In a game and on a night in which the Baltimore Orioles were in desperate need of a quality start, they finally got one. Ubaldo Jimenez turned in the type of performance that reminds the O’s why they signed him to a four-year deal. Jimenez’s line: 6 IP, 3 H, 1 R, 3 BB, 8 K. As dull as Oriole pitching looked in Milwaukee, it looked equally as sharp last night in Houston.
Unfortunately for the Birds, Houston starter Brad Peacock was almost equally as sharp. You could once again point to the fact that the Orioles ran into some great pitching in this game. Coming in, Peacock had a five plus ERA – and again, he picked a game against the O’s to kind of find himself.
Jimenez ran into a bit of trouble in the second inning, as he gave up a single and walked two batters to load the bases (with two outs). With Castro on third, Jimenez,uncorked a wild pitch that bounded barely away from catcher Nick Hundley. Castro Bcame in from thitd, and slid in safely – falling over Jimenez, who had moved to cover home plate. In a collision that kicked up a cloud of dust, Castro was ruled safe to give Houston a 1-0 lead.
Buck Showalter challenged the play, and after a very lengthy review the call was upheld. It was a bang-bang play for sure at home plate. However to say the least, if umpires have to spend more than two minutes reviewing a play, they should stick with the original call. There was every chance that Castro was out; however given the cloud of dust that was kicked up due to the play at the plate, it was tough to tell for sure. Again given that circumstance, they have to stick with the original call.
But the Orioles evened the game in the fourth when Steve Pearce remained hot at the plate and led off the inning with a double. With two
outs in the inning Nelson Cruz would continue to be the Orioles’ offense, as he smacked an RBI-single to right field. It’s also important to note that Cruz’s hit was against the shift. I’ve made a point of highlighting that the Orioles seem to struggle when teams use shifts against their players, but yet the same is not always true in reverse. (In other words, it seems that teams have a knack for hitting against the shift, or at least hitting them where they ain’t.) For what seems like the first time, the O’s got a runner on base with a hit to a spot where a player (the first baseman in this case) would have been if not for the shift.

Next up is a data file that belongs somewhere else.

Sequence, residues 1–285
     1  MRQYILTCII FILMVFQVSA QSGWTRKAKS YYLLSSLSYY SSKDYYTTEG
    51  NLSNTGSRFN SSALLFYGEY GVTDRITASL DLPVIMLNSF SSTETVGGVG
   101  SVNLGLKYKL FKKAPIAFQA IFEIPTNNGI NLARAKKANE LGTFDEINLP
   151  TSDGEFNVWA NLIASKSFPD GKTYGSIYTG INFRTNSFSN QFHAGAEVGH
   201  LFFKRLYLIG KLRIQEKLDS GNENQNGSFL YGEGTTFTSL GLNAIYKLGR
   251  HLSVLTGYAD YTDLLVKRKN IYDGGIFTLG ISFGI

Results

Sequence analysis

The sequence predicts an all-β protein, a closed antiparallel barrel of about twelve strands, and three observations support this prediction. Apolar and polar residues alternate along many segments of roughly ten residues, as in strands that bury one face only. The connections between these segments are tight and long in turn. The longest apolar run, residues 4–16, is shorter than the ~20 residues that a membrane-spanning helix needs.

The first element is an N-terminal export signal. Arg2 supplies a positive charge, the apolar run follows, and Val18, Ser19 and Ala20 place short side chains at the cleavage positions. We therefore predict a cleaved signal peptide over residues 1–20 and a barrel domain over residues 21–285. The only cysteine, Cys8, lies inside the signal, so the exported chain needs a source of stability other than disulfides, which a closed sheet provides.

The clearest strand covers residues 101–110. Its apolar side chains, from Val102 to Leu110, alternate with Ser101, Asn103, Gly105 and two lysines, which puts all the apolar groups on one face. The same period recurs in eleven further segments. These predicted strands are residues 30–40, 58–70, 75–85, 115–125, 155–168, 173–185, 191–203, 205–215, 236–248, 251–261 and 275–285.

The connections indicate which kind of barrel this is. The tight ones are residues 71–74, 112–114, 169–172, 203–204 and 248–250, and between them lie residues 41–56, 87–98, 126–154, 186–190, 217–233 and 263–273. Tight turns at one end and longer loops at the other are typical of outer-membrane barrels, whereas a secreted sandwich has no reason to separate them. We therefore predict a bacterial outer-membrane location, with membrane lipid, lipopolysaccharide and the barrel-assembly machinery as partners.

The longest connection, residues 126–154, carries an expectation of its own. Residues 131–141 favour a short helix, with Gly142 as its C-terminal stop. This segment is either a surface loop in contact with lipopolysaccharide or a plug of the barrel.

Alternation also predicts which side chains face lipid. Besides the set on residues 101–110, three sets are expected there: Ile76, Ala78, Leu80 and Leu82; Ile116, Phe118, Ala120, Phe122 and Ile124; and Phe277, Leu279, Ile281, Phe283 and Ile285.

Jimenez departed after six innings and was given a no decision. The O’s summoned Preston Guilmet from the ‘pen, and following a strikeout he promptly allowed Altuve to reach on a base hit. Altuve would steal second base, however it was almost pointless. Springer would smack a two-run homer to left field, and suddenly the Orioles trailed 3-1.
Unfortunately for the Birds, they were unable to move off of that one run as they fell in the first game of the series with Houston. Oriole bats appear to be very predictable at the moment in that teams seem to know exactly which pitches at which the O’s will swing. And I mentioned the shift thing once again above; if the Orioles are going to be successful this year they’re going to need to start hitting against the shift – like Nelson Cruz was able to do. Teams are employing that shift against them and for the most part it’s working wonders.
Teams go through ruts during the season all the time, so the hope here is that people aren’t hitting the panic button. Again, the Orioles seem to have a knack for running into hot pitching. Coming into last night’s game Peacock had an ERA north of five – so it would have stood to reason that the O’s would have been able to get to him.
The series continues tonight with Miguel Gonzalez facing Houston’s Brett Oberholtzer. Tonight’s game is the annual Civil Rights game in MLB, and it will be shown on national television via MLB Network. (It will also be available locally on MASN.)